Unfortunately, disability discrimination continues to be on the rise in California and throughout the nation due to our aging population and the economy that has unfortunately caused employees to delay retirement. Older workers frequently develop disabilities that entitle them to protection under the laws. All workers, regardless of disability or limitations, should be allowed to put their skills to work for the job that they were employed to do. Fortunately, California law has expanded upon many of the protections offered under federal law. For example, an employer under California law can be found liable when they discriminate against an employee because of his or her perceived disability. Perceived disability discrimination exists when an employer treats an employee differently than other employees because of the belief or perception that they are disabled when in reality the individual has no such disability. In order to establish a prima facie case of disability discrimination, an employee pursuing a FEHA claim must show: (1) he or she suffers from a disability; (2) qualified to perform their job; and (3) subjected to some form of adverse action because of the disability.
Employer’s Obligation to Provide Reasonable Accomodations
By law, an employer is required to provide reasonable accommodations for any disabled employee in order to help facilitate that employee’s success in performing the essential functions of their job unless they can establish that providing the accommodation would cause an unjust hardship. An example of unjust hardship has been found when the cost of making the accommodation would be too much of a financial burden for the employer. Common examples of accommodations provided to disabled employees include leave time, modified work schedules and computer aids or equipment. If an employer does not make reasonable workplace accommodations, it is committing an illegal employment action and must be held legally accountable to protect not only you but other disabled workers in the future. Our firm is deeply committed to the rights of disabled employees as Mr. Perrin has been disabled since childhood. We are therefore dedicated to seeing that disabled individuals are treated fairly and provided for according to the state and federal laws implemented to protect them.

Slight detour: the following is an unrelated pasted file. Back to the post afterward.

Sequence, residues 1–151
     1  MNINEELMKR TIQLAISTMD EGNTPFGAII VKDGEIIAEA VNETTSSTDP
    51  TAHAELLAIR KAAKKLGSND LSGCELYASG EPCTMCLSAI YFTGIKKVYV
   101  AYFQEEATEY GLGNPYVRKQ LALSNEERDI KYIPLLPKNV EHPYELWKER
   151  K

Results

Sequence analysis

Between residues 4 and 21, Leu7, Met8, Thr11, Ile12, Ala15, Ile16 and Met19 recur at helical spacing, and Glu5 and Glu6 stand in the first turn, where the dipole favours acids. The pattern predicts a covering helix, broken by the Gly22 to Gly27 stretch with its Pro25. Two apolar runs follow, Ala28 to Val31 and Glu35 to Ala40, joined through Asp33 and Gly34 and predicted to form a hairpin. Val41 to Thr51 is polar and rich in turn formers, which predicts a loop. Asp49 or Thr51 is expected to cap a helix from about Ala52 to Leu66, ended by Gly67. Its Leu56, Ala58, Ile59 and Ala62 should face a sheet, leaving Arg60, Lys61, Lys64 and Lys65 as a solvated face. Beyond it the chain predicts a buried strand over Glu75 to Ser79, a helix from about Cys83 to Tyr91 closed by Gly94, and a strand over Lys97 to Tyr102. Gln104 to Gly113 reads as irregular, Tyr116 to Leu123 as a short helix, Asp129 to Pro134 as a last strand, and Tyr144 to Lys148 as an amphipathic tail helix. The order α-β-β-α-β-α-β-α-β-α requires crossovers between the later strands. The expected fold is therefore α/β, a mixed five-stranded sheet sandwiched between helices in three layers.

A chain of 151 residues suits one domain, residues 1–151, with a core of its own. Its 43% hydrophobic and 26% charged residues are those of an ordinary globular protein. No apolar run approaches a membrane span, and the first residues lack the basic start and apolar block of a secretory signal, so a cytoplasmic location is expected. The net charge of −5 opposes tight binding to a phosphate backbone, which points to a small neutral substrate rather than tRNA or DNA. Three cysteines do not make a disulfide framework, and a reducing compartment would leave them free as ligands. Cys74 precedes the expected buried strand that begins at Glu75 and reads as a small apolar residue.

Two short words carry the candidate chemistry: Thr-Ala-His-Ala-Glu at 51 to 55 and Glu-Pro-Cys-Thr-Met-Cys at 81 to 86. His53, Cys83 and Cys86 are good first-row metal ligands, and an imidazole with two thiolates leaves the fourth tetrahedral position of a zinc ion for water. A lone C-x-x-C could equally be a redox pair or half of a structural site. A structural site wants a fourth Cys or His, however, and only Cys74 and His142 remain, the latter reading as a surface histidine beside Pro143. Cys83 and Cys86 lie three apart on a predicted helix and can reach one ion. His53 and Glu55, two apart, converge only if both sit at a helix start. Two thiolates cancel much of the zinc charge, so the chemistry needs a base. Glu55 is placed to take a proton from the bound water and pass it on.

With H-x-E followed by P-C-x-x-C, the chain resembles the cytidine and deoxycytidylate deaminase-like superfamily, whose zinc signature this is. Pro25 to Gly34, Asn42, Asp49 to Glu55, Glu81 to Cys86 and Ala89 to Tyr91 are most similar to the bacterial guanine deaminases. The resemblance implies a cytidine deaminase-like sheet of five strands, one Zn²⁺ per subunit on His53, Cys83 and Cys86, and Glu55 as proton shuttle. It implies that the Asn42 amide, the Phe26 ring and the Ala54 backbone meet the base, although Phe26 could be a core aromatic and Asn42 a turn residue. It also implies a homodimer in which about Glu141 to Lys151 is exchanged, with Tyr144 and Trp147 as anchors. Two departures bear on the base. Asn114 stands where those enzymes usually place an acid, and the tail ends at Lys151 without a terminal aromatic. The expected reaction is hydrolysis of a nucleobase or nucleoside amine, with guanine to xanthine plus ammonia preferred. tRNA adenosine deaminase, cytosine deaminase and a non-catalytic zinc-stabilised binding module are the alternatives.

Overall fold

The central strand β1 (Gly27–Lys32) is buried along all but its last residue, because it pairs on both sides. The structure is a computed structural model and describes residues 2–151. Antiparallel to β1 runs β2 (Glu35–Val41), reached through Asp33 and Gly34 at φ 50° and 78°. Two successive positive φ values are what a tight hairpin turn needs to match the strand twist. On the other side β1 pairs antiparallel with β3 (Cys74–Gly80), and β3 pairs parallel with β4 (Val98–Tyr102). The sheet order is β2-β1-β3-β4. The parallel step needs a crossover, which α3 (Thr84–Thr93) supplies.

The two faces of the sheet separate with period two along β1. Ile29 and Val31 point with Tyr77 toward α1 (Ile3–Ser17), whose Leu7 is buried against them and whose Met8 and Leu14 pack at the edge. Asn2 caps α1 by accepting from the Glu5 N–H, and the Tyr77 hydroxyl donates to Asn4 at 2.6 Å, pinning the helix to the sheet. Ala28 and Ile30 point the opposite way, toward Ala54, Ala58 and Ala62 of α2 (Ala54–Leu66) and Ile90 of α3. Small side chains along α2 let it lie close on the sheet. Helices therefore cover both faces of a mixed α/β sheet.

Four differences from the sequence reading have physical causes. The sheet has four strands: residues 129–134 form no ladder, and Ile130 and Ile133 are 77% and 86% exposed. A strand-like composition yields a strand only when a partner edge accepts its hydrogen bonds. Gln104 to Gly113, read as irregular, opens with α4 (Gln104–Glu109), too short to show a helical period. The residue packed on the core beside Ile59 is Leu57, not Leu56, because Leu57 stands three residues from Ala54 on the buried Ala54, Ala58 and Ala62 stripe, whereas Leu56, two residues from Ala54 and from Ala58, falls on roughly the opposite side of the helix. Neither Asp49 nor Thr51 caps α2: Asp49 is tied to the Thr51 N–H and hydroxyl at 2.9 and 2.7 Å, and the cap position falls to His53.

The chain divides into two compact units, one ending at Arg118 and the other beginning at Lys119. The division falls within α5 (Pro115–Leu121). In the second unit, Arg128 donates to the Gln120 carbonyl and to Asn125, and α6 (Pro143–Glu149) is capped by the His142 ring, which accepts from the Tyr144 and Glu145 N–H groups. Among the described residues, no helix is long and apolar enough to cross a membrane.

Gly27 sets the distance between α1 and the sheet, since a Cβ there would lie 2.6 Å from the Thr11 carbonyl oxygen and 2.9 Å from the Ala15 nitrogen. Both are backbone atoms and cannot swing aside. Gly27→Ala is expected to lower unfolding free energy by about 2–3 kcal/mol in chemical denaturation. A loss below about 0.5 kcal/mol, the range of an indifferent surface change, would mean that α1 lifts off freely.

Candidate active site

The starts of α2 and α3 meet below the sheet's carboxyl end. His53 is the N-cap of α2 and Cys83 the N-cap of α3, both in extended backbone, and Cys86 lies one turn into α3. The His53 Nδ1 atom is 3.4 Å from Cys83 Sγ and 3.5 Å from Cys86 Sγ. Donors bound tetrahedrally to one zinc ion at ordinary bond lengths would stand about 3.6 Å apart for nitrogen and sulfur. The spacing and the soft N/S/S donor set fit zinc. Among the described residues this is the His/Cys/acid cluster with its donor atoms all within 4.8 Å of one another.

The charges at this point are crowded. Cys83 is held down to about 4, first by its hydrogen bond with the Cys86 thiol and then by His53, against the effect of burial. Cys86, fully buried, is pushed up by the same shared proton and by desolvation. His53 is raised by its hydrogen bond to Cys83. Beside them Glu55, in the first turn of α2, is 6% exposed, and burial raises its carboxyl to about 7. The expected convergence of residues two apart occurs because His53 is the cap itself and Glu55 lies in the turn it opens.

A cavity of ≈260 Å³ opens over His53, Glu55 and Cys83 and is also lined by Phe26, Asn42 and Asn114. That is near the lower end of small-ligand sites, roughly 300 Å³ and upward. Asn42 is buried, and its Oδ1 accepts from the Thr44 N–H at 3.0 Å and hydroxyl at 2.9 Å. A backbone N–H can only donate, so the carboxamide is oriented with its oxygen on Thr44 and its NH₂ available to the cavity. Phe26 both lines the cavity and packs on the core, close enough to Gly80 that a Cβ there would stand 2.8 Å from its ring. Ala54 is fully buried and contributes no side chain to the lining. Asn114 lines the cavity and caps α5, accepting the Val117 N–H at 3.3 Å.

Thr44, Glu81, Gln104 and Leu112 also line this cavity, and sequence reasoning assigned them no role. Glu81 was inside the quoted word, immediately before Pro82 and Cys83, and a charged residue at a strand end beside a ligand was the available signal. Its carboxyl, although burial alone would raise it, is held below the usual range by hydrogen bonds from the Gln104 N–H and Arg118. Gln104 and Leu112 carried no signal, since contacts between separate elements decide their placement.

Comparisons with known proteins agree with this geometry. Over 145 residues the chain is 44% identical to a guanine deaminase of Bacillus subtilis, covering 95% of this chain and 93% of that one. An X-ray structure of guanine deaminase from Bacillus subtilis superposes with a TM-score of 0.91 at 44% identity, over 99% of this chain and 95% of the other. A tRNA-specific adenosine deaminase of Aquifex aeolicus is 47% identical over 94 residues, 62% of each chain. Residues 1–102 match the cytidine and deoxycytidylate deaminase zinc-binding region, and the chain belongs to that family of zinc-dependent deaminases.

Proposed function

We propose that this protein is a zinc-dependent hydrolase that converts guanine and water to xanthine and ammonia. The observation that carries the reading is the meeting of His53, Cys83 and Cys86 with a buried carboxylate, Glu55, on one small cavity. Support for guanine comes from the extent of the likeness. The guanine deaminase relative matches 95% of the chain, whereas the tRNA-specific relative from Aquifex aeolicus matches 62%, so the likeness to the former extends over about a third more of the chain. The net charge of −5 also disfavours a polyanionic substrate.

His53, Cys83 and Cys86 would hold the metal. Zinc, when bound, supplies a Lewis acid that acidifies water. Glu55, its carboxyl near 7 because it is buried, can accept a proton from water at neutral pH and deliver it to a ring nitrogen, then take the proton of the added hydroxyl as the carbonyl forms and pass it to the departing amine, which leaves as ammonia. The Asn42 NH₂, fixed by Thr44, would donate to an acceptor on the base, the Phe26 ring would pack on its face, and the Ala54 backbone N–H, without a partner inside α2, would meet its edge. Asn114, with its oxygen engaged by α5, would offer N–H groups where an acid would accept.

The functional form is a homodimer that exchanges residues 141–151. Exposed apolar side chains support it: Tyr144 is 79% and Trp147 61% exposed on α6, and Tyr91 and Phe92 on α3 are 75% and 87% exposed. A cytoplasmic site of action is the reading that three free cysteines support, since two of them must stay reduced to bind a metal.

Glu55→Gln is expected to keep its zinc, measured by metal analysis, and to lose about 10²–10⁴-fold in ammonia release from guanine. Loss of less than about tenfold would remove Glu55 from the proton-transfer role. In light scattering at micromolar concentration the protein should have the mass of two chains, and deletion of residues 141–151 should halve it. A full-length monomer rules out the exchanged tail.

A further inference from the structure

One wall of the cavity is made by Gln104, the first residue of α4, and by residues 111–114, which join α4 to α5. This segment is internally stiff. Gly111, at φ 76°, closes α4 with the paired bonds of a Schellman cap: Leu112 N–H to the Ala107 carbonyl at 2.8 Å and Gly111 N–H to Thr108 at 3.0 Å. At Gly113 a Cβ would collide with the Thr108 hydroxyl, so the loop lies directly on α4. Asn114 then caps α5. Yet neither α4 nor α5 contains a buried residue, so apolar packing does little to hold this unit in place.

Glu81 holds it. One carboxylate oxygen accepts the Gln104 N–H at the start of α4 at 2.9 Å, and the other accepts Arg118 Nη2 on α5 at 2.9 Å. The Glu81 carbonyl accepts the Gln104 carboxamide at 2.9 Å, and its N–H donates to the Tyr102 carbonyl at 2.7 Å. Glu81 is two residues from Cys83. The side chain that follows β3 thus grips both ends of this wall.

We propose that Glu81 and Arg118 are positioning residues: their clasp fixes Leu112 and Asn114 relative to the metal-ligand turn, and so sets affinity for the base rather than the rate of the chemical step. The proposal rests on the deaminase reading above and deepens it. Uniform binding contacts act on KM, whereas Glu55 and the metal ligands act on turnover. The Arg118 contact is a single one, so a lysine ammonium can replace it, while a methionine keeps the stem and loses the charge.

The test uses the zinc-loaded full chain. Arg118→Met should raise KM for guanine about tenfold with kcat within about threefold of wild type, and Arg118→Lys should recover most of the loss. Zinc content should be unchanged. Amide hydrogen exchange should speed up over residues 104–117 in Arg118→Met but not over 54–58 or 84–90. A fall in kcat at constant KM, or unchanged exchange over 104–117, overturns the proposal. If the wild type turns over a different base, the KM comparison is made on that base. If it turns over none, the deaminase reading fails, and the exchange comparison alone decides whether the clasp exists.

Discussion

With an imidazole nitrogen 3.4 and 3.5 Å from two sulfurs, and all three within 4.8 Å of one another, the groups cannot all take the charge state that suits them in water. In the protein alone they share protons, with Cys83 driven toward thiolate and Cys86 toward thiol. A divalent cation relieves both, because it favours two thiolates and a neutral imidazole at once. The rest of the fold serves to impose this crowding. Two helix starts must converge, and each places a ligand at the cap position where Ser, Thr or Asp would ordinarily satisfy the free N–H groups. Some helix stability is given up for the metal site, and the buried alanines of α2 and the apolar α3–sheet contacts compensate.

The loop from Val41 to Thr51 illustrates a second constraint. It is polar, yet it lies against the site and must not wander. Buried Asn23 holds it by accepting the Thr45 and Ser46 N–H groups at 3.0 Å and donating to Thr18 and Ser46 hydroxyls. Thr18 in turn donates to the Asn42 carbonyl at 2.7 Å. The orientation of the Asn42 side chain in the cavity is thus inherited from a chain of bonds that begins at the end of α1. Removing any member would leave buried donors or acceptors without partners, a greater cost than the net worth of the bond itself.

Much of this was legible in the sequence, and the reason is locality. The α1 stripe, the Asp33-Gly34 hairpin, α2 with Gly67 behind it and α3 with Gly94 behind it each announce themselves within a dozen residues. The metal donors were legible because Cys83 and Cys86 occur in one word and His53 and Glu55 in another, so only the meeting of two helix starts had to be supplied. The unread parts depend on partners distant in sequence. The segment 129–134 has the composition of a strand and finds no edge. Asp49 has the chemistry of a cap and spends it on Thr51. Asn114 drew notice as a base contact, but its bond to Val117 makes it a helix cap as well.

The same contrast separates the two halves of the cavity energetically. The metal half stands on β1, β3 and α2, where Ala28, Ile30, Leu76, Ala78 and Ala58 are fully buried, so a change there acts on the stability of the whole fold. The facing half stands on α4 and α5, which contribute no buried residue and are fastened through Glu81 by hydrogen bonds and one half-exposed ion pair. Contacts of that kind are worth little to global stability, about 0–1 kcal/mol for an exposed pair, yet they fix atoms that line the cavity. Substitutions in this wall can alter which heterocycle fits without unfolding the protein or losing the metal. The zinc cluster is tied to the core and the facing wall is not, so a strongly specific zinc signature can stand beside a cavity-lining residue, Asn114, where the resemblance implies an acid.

Failure to Engage in the Interactive Process in Good Faith
In addition to the failure to provide reasonable accommodations, FEHA provides a separate claim against an employer for failing to engage in the interactive process in good faith after receiving your accommodation request. The scope of an employer’s obligations with respect to the interactive process is quite broad and triggered even when an employer has a reasonable basis to believe that an employee needs reasonable accommodations. If an employer does not engage in the interactive process in good faith, they are precluded from arguing in litigation that an employee, due to their disability, was a danger to the health and safety of themselves or others. During the interactive process, your employer is additionally precluded from demanding that you disclose the nature of your disability so that your valuable privacy rights are preserved.
Finally, there are certain filing deadlines that you must meet to pursue a claim under state or federal law or you will unfortunately be precluded from filing certain discrimination claims in court. Depending upon whether you chose to pursue federal or state remedies, you must timely file a claim with the California Department of Fair Employment and Housing or the U.S. Equal Employment Opportunity Commission. If you feel that you or someone you love has been the victim of disability discrimination, contact the Perrin Law Group today for your free consultation and stand up for your rights.